Balmoral’s beauty has attracted thousands of bathers since the early 1920s when the beach was served by a now retired tramline. Where once bathers arrived armed with picnics today many visit looking forwards to lunch at one of Balmoral’s beachside cafes.
The cafe I’m covering here is no ordinary cafe. It’s part of the chef’s hatted Bathers’ Pavilion – a Sydney dining institution that celebrates its 15th birthday in 2014. Serge Dansereau, the Head Chef, owns both halves of the Bathers’. He’s one of Australia’s top chefs with over five cookbooks under his belt.
The setting is so spectacular it can distract you from the food – sit alongside the sand with harbour views that stretch to the ocean and watch the Manly ferry on route from Circular Quay. On one side the fine dining restaurant menu emphasises fresh produce grown by small producers. It’s priced as you’d expect for an established chef’s hatted restaurant by the water. Put it on your special occasion dining bucket list.
On the other side the cafe is casual and affordable. It clearly draws a little inspiration and culinary magic from its sister restaurant. The high ceilings and large glass windows combined with a mixture of table formats and ocean inspired artworks create a relaxed and welcoming atmosphere. The menu is Mediterranean and especially appealing to lovers of Italian and French cuisine.
My Bathers’ feast
After ordering a bottle of Italian prosecco the logical way to start would’ve been oysters. But the chicken and pork terrine with quince paste and heirloom carrot pickle sounded almost too good to be true. I hoped it would inspire me to make a terrine at home, something that lingers on my to-do list.
Chicken & pork terrine with quince paste & heirloom carrot pickle, mache leaves, fresh baguette & herb butter ($27)
The verdict? Every element on the platter worked so well with the juicy, meaty terrine. A sharing without comparing dish given the portion size (by that I mean sharing without fearin you’ve been short changed). The surprise of this man-sized dish is the baguette – the waitress proudly added when serving that it’s made in-house. I’m sure the terrine would be even more popular if the menu talked up the bread a bit more’.
The carb loading continued – with wood fired pizza and seafood pasta. Not because I was more ravenous than usual but instead I was sharing both with my feasting companion.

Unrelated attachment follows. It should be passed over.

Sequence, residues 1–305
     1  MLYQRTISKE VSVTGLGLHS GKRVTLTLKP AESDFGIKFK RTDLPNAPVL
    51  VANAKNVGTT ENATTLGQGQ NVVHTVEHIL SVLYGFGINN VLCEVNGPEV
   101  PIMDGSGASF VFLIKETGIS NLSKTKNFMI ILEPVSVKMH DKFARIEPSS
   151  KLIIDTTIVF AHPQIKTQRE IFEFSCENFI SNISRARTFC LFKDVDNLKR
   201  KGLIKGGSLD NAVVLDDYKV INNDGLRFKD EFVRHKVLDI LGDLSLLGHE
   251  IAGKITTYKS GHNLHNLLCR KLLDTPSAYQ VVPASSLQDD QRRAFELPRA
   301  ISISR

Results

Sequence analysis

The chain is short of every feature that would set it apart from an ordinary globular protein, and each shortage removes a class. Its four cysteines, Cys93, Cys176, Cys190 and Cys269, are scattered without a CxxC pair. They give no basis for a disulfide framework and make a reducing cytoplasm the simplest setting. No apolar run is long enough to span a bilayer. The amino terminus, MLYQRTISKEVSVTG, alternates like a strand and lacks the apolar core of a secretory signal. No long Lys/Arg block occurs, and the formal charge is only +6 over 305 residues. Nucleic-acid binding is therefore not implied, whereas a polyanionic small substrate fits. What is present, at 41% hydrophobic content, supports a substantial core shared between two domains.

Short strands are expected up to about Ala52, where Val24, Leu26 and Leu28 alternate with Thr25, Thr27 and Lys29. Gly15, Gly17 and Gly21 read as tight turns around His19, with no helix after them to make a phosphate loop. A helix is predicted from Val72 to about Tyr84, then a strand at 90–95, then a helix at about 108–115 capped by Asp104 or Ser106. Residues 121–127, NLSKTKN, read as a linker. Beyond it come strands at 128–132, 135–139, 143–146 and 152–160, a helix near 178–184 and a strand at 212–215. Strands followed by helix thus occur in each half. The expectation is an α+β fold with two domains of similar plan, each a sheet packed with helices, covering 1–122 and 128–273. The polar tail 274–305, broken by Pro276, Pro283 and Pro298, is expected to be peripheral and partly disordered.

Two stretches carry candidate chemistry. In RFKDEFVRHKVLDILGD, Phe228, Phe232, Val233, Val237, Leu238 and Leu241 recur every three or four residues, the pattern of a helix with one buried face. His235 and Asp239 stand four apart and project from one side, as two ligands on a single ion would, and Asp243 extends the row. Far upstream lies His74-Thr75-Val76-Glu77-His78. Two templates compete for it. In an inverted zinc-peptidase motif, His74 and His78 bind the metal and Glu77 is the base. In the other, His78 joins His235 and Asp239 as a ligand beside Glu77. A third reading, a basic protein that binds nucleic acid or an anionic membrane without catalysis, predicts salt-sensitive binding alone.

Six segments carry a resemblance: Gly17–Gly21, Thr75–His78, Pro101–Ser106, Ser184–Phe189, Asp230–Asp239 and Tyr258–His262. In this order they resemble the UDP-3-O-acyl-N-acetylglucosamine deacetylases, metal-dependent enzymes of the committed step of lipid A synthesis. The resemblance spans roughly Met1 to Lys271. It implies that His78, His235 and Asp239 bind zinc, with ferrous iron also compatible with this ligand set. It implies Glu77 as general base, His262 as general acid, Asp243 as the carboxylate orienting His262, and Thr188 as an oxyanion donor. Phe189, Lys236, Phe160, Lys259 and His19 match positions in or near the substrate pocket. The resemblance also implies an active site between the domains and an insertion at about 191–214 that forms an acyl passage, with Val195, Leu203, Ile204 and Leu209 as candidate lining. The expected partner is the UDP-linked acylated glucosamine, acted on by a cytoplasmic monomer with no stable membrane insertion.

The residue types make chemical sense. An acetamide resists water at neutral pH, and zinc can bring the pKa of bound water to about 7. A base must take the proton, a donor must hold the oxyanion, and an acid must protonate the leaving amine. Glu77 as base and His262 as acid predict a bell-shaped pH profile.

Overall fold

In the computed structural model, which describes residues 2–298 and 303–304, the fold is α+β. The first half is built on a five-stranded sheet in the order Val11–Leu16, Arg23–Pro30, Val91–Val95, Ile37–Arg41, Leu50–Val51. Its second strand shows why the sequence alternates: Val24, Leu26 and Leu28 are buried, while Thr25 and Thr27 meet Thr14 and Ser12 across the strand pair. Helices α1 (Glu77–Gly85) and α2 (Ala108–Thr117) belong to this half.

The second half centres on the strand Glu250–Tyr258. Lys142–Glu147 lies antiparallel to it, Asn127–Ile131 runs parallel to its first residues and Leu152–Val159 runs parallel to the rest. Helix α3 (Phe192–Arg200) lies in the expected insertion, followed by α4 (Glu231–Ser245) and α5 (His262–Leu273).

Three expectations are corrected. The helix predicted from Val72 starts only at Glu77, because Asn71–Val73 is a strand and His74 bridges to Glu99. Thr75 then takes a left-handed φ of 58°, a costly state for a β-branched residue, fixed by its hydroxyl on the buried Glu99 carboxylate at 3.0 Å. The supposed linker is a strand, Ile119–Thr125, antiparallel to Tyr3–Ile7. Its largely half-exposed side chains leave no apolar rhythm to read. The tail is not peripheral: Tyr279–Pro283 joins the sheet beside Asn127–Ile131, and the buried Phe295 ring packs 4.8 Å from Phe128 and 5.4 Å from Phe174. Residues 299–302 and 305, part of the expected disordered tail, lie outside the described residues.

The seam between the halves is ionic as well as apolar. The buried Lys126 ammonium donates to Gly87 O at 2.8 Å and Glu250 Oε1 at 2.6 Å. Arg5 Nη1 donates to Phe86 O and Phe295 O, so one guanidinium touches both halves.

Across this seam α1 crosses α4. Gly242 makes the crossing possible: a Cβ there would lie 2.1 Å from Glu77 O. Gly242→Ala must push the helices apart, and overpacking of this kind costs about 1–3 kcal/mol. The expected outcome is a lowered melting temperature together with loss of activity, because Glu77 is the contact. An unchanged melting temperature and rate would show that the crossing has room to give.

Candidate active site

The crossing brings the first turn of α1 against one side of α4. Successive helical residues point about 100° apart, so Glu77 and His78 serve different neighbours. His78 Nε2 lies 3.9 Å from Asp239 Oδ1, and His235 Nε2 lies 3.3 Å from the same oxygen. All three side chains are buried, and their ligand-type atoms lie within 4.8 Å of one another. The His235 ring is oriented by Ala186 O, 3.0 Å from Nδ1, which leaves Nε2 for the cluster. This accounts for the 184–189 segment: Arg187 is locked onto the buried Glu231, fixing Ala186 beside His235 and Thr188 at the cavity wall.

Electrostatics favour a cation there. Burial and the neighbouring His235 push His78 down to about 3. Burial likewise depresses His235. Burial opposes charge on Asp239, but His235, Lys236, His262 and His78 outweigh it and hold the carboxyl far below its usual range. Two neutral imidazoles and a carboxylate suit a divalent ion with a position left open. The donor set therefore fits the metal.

Spaghetti with mussels and crab meat, lemon, chilli, parsley and mint, shellfish oil ($33)
The overall portion size of this pasta dish is fairly small (I’d have liked just a little more spaghetti). That said the pasta is up there with Sydney’s best (Otto, A Tavola etc) and the seafood fresh and cooked to perfection.
Wood fired pizza – porchetta pizza with sage, onions, caramelised garlic and pecorino sardo ($26)
As a pizza lover if I’m thinking about which pizza to choose on my next visit before the last slice has been devoured then I know it’s great pizza. The Bathers’ base is light and cripsy, the cheeses high-quality and the varierty of toppings unique – don’t go expecting a ‘marinara’ or a ‘capricciosa’. They’ve put their own style on wood fired pizza – it elegant an confident in a French kind of way. What will I choose next time? Probably the ‘roast chilli and sardine pizza with dried cherry tomatoes and olives’.
Rocket and parmesan salad with balsamic vinaigrette and saved pear with bresaola ($19)
On previous visits to The Bathers’ I’ve enjoyed the rocket and parmesan salad as a light lunch. It’s heads and shoulders above other rocket and parmesan salads. Why? The rocket is possibly the freshest I’ve found anywhere in Australia, and the parmesan is grated and sliced. Try it as a side dish.
The ‘maybe I should have been born Italian’ part of me couldn’t leave without trying the tiramisu. Yes my sensible side wanted to avoid too much added sugar and order the dark chocolate tart. On this occasion my inner Italian won. There were no regrets afterwards- a sign of a fabulous dessert. My feasting companion on the other hand took the sensible option – the dark chocolate tart.
Tiramisu with amaretti biscuits ($18)
Dark chocolate tart with passion fruit sauce and chocolate cream ($18)
What I love about The Bathers’ Pavilion is its authenticity – it doesn’t feel like it’s trying too hard or trying to be something it’s not. Under 15 years of guidance from Serge Dansereau, the whole experience is consistently delivered every time – that’s why its loyal customers, like me, keep coming back.
- The cafe opens daily for breakfast, lunch and dinner. On a weekend between 9am and 2pm there can be a wait for a table. And with a no bookings policy my tip is to visit for an early breakfast or a late lunch because the full lunch/dinner menu is served all day. So if, like me, you want a water views then arrive outside of peak times.
- Don’t miss out on your coffee fix. The Bather’s Pavilion serves ‘The Grounds’ coffee. The Grounds of Alexandria has a ‘research facility’ where they test different beans, roasts and blends. It’s great coffee.
A little bit of history
In the 1920s when Mosman Council commissioned the The Bathers’ Pavilion Sydney was in the midst of a bathing craze. The pavilion was officially opened in 1929 and, for many years, served its purpose as a giant changing room. Fast forward 70 years and after restoration in 1999 the building was re-opened as The Bathers’ Pavilion restaurant and cafe. Today, 15 years on, it’s loved by locals, Sydneysiders and tourists. If you’re keen to read more about the owner and Head Chef, Serge Dansereau, check out this Time Out interview.
By Feast Wisely
- 4 The Esplanade, Balmoral, NSW 2088
- 02 9969 5050
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